Q: I am a 78-year-old federal employee and will retire at the end of this year. Medicare has been deducted from my paycheck for several years now. As I understand it, I am only eligible to benefit from Part A, which I also understand to be cost-free. As long as I am working, I cannot benefit from Part B. Why have I been charged for a plan that I cannot benefit from? I also carry federal Blue Cross/Blue Shield. After retirement, my BCBS premiums will remain the same, and I am wondering if it is advantageous to continue to pay the full premium for Medicare and be eligible for Part B. My civilian personnel office tells me that after retirement, I am responsible for 100 percent of the Medicare premiums and not just half, as it has been during my employment. If I do pick up Medicare, they will be the principal provider, with BCBS picking up the rest even though their premium is not reduced. I am very confused as to why I have been paying premiums for a non-beneficial Medicare plan all these years, and am wondering about the efficacy of continuing to have it.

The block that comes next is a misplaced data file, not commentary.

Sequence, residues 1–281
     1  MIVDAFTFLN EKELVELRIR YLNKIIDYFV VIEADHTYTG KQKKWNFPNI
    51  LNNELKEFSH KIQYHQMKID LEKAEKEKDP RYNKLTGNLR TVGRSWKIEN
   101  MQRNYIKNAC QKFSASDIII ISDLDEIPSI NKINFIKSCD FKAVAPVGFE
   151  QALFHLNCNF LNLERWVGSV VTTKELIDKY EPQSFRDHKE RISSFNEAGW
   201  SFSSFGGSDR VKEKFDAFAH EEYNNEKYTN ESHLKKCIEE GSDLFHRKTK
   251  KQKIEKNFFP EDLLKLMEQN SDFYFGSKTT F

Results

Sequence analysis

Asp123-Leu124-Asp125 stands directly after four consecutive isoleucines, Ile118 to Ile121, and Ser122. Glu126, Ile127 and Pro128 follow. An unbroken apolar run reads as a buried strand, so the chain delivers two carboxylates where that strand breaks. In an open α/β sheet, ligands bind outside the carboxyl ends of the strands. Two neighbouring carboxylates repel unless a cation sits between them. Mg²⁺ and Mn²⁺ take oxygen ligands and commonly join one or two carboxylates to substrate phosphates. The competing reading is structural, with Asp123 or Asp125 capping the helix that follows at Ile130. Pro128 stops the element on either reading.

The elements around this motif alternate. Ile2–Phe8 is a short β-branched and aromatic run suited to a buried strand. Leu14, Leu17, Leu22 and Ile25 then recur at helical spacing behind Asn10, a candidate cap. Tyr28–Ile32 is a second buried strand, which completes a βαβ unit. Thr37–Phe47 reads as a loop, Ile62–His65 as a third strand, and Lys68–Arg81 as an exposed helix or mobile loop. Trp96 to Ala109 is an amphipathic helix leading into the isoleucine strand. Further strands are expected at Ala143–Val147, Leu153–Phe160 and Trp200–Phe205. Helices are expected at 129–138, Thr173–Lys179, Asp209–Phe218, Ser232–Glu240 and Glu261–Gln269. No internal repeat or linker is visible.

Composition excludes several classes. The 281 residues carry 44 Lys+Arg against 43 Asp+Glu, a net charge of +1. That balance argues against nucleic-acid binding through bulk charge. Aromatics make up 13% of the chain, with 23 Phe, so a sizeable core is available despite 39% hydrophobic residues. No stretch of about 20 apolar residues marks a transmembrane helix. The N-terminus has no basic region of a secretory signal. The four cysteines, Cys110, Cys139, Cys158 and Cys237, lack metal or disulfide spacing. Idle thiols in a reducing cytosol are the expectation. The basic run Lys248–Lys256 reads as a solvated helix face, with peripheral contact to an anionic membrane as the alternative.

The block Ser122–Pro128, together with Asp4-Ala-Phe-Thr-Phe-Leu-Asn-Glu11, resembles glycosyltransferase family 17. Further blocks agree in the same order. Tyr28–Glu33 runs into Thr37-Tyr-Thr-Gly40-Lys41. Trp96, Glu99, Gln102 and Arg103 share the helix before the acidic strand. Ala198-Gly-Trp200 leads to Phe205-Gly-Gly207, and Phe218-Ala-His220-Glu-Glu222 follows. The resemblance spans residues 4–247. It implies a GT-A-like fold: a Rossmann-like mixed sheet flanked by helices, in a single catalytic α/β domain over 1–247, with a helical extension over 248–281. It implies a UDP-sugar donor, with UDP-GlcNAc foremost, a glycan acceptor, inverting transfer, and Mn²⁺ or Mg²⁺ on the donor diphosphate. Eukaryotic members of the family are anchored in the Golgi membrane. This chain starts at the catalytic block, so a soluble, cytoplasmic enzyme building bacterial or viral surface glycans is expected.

A: Let me clear up some of the confusion. Everyone who receives earnings from wages or self employment pays for Medicare Part A (Hospital Insurance) regardless of their age. Once you reach age 65, you are eligible to receive Part A coverage. If you are still working, your Federal Employees Health Benefits Plan insurance remains primary and Part A is secondary. If you are no longer employed, your coverage under Part A becomes primary while your FEHB benefits insurance is secondary. Once you retire, there is no cost to you for your Part A coverage. On the other hand, the premium cost for Part B (Medical Insurance) coverage is borne entirely by those who elect to be covered by it. Employers don’t pick up a share of that cost. If you don’t elect that coverage, your FEHB insurance will be your only coverage for medical bills. Whether electing to be covered by Part B is a good idea is something you’ll have to figure out by comparing the total coverage you’d receive with it and without it. Note: By keeping the risk pool of those covered under the FEHB as broad as possible, the government has been able to keep the premiums of those who have the greatest expenses low while only increasing the premiums of the healthiest by a little. Further, it has been shown that even those who are retired and covered by both Medicare Parts A and B cost the FEHB more than those who are still in the workforce.